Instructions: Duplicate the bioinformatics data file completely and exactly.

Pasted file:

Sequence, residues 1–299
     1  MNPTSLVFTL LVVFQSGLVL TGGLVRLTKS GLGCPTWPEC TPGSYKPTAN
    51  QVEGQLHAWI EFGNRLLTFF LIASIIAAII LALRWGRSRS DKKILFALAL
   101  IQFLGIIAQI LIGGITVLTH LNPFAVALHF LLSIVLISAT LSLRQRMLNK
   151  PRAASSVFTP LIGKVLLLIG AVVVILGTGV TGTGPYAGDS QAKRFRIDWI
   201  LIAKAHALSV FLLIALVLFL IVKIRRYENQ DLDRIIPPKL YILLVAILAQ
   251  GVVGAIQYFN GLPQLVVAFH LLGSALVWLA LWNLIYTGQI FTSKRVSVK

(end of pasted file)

Sequence, residues 1–299
     1  MNPTSLVFTL LVVFQSGLVL TGGLVRLTKS GLGCPTWPEC TPGSYKPTAN
    51  QVEGQLHAWI EFGNRLLTFF LIASIIAAII LALRWGRSRS DKKILFALAL
   101  IQFLGIIAQI LIGGITVLTH LNPFAVALHF LLSIVLISAT LSLRQRMLNK
   151  PRAASSVFTP LIGKVLLLIG AVVVILGTGV TGTGPYAGDS QAKRFRIDWI
   201  LIAKAHALSV FLLIALVLFL IVKIRRYENQ DLDRIIPPKL YILLVAILAQ
   251  GVVGAIQYFN GLPQLVVAFH LLGSALVWLA LWNLIYTGQI FTSKRVSVK